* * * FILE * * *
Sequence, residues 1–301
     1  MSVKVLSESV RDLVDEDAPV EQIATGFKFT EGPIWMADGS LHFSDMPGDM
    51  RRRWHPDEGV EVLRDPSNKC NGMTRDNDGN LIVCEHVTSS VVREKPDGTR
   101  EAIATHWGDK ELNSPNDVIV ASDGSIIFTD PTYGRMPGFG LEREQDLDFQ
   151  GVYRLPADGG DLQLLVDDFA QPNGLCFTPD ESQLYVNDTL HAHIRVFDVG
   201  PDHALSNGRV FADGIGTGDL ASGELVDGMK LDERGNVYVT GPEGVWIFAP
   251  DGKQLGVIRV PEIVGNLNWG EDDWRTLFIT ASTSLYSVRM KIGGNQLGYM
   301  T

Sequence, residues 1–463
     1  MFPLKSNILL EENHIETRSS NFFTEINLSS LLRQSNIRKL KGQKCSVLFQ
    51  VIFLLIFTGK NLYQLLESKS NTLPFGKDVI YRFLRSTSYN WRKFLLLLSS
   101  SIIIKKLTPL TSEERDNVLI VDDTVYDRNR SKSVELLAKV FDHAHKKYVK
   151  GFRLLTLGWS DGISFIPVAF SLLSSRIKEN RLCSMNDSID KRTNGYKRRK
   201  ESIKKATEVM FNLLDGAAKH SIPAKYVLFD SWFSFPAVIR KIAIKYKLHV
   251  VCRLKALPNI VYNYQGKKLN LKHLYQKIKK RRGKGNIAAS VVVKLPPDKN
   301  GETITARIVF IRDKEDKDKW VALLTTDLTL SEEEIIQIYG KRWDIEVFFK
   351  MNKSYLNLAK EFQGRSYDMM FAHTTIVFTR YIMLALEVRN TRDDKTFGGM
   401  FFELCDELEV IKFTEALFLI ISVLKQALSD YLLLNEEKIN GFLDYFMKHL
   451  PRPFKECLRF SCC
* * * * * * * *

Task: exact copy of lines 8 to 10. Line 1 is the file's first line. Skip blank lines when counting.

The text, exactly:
   301  T

Sequence, residues 1–463
     1  MFPLKSNILL EENHIETRSS NFFTEINLSS LLRQSNIRKL KGQKCSVLFQ